In Search of the Marianne Mindset

I often tell students that politics, like life in general, swings this way and that, but it’s never a simple pendulum that predictably goes an equal distance each way. It’s easy to see that American political culture has tilted back and forth from the left to right, right to left over time. For instance, the Progressive Era of the early 1900s was followed by a conservative counterreaction that exploded in the crucible of World War I and stretched into the 1920s, as radicals were rounded up, immigrants banned, and Protestant Kiwanis Club hayseed normalcy ruled. The stuffy age of 1950s Cold War conformity whipsawed into the political activism and counterculture of the 1960s, which in turn conjured the Leviathan of the New Right.

But change doesn’t happen metronomically. The New Deal was a pretty significant swing to the left, which semi-permanently shifted the center of gravity of American politics; likewise, the Reagan revolution of the 1980s was a sharp turn to the right, the effects of which we are still living with. Things never swung all the way back in the other direction.

Those of us on the Left should, probably, have realized that the social progress of the Obama years would generate its own counterreaction. Some saw it coming, but likely few could have imagined it would have been as ugly, cruel, and epically stupid as what we see with Trump.

Today we behold a confusing prospect: energized social movements have emerged in opposition to the Trumpian beast, sometimes achieving remarkable gains that would have been difficult to imagine just a few years ago, such as the tenant reforms just passed in the state of New York. Socialism and industrial policy are back in the argot of politics after being completely verboten for decades. The most diverse presidential candidates in US history are taking hold of the national discussion as the Democratic primary debate begins to unfold.

At the same time, vicious nativism is enjoying its day in the sun, with the torture of defenseless children and deportation of scientists doing invaluable research, for the sake of sheer cruelty on one hand and stupidity on the other. A college can be successfully sued for the free speech activities of its students, and the conservative quest to render democracy fundamentally meaningless proceeds apace.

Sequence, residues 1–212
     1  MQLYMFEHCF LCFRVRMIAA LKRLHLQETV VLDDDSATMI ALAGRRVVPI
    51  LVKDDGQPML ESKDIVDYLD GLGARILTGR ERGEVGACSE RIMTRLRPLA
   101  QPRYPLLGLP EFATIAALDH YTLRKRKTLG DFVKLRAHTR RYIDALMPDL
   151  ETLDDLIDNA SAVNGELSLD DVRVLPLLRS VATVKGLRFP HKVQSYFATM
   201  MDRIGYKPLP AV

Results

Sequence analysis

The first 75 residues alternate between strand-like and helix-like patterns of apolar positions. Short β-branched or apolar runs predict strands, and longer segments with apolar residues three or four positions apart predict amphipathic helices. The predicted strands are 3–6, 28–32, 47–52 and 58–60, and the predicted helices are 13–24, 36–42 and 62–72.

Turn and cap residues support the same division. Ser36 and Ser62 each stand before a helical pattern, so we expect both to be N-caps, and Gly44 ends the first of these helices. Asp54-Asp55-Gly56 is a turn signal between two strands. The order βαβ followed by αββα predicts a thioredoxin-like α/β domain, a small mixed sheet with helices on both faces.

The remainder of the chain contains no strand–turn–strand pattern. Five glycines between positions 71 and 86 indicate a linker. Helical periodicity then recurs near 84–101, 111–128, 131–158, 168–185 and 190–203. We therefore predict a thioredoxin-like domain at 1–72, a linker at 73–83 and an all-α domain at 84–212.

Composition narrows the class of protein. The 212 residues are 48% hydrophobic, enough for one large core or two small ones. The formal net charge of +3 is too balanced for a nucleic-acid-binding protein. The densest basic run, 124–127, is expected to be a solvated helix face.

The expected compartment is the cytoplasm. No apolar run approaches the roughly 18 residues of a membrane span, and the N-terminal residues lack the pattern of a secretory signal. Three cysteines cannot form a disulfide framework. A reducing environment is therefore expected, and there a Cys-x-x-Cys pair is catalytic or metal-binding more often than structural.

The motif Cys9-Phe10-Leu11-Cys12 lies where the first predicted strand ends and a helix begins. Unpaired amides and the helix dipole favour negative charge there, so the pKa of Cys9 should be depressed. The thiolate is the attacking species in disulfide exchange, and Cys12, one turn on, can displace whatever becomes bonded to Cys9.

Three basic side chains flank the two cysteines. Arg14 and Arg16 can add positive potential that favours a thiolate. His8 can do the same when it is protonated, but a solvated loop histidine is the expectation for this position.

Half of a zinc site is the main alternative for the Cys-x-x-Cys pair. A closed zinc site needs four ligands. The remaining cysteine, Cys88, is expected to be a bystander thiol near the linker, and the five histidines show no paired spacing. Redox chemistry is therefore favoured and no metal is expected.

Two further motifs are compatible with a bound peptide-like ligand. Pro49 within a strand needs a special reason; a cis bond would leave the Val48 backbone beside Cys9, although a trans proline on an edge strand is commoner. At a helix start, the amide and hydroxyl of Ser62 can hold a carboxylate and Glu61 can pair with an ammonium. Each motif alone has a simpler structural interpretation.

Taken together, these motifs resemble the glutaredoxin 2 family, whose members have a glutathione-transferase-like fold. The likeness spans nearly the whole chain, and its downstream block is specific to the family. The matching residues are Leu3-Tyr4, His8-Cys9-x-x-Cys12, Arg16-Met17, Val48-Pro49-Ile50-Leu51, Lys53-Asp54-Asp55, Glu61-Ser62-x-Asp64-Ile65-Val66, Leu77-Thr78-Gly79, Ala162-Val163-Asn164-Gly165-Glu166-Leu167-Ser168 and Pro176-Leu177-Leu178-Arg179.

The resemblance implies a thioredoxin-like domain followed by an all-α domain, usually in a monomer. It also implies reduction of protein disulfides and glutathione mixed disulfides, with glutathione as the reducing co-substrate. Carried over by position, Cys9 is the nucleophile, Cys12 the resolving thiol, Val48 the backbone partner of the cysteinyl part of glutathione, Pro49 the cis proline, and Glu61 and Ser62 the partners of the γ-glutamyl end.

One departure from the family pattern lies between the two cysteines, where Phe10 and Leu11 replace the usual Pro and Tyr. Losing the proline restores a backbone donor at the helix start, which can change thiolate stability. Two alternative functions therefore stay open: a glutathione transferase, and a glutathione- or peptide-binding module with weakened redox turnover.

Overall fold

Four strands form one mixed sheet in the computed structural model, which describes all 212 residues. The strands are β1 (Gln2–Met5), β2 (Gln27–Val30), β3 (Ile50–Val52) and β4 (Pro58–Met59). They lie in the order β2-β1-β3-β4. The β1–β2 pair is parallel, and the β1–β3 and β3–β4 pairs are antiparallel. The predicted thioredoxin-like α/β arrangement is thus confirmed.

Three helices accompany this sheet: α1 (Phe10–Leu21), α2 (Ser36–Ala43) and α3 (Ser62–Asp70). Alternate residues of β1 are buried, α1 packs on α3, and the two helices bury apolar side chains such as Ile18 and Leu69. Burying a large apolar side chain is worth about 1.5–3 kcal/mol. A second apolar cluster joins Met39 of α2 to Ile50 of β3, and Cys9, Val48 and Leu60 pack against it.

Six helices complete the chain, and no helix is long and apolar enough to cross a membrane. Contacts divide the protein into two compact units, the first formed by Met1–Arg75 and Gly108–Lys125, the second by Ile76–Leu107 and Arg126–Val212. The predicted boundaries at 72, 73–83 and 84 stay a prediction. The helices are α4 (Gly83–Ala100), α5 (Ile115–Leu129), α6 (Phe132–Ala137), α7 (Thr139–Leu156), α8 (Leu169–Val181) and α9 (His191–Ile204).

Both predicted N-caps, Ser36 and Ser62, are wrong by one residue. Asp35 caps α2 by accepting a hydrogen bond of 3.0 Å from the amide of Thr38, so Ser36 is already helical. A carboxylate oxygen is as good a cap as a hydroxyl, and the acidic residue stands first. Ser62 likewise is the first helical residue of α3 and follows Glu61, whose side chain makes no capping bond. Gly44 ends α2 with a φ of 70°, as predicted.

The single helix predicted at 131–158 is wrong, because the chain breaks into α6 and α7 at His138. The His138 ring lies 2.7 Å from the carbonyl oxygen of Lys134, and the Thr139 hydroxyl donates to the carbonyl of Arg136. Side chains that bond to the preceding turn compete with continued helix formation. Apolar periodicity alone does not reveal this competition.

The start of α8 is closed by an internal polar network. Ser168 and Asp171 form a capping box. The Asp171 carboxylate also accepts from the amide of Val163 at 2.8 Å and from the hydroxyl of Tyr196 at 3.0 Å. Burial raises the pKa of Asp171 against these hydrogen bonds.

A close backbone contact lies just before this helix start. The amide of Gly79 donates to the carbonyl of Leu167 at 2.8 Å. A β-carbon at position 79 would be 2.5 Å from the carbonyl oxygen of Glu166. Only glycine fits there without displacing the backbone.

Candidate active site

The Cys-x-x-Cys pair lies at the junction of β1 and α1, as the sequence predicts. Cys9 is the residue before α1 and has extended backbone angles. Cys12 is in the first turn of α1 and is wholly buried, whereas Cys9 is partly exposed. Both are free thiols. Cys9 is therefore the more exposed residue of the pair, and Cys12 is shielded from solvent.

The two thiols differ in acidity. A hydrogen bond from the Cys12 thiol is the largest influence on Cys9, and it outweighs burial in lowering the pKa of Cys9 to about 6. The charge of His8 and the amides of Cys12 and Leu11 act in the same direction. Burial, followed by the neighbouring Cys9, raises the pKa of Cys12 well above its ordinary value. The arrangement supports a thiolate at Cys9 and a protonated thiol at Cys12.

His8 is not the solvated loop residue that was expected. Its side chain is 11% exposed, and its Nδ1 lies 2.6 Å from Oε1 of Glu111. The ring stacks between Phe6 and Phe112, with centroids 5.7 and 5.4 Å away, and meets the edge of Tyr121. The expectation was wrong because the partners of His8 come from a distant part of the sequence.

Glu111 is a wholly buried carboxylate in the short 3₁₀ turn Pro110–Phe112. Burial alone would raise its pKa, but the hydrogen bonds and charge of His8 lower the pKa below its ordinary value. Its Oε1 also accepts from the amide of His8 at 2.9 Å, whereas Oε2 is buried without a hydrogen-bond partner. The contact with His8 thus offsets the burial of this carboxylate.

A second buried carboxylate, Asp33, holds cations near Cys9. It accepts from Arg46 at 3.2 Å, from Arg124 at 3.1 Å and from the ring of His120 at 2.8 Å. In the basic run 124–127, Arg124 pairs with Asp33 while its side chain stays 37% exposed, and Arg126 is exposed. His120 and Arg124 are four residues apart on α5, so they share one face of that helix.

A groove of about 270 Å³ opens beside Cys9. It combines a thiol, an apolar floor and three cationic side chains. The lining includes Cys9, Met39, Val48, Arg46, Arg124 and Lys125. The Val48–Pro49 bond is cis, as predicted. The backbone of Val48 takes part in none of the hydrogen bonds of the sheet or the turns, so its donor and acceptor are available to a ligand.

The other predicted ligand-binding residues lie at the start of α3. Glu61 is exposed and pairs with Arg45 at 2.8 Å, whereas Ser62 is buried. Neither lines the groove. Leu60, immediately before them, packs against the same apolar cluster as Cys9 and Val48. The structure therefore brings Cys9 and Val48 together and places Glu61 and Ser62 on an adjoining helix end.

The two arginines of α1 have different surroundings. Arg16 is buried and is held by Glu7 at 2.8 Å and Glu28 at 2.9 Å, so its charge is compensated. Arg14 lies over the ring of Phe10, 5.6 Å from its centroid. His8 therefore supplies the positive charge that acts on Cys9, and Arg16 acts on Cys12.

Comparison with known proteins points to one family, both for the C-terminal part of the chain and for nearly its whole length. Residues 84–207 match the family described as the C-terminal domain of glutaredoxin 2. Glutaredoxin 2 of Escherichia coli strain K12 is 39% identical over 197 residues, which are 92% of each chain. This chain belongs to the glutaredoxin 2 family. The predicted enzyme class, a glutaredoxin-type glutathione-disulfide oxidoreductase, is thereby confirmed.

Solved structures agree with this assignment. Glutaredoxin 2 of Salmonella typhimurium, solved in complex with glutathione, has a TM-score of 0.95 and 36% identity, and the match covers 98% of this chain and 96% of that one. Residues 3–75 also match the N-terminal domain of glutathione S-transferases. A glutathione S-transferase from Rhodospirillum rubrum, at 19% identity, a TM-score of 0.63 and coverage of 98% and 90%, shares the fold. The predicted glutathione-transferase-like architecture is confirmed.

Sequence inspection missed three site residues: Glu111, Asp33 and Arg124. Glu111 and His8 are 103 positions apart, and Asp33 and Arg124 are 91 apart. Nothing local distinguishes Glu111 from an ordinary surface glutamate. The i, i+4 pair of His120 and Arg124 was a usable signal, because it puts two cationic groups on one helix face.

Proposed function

Best-of-times, worst-of-times stuff.

And sometimes strange things happen. Trump was an unforecasted force that bulldozed through the conventional wisdom of the political and media elite on both sides; and now self-help guru Marianne Williamson promises to do the same for the Democrats. Who would have thought four, eight, ten years ago that a New Age candidate would stand on the debate stage and promise to use the power of love to defeat evil? Marianne could very well be the Democratic Trump — a joke candidate, laughed at until it was too late to laugh.

In any case, we’re praying for a Williamson-Huey Lewis unity ticket.

This week we have a variety of fascinating pieces in our Best-Of round-up, including two by our own contributors: Carribean on the life of writer and activist Raul Ruiz, and friend-of-the-blog Marni Davis, whose epic Georgia Avenue project was featured in these very pages and subsequently covered by Curbed.

Author: Alex Sayf Cummings

Alex Sayf Cummings is an associate professor of history at Georgia State University, whose work deals with technology, law, public policy, and the political culture of the modern United States. Alex's writing has appeared in Salon, the Brooklyn Rail, the Journal of American History, the Journal of Urban History, Al Jazeera, and Southern Cultures, among other publications, and the book Democracy of Sound was published by Oxford University Press in 2013 (paperback, 2017). Alex can be followed on Twitter at @akbarjenkins.

One thought

  1. This is really cool! I love the humor and especially love the vocabulary. Maybe it’s because I’m like so many academics who spend the majority of their time reading that I can appreciate the artful and creative use of words. “Metronomically” was just swell because it references a metronome. Do a lot of non-musicians know what this is? Let’s do a rim shot for that one! And as someone who grew up in the 1980s and even saw Huey Lewis play the lawyer in a rendition of Chicago, performed at the Orpheum Theater in San Francisco, I love the call for the Williamson-Huey Lewis ticket. And fantastic to see that Tropics of Meta will be showcasing and amplifying some interesting work coming up.

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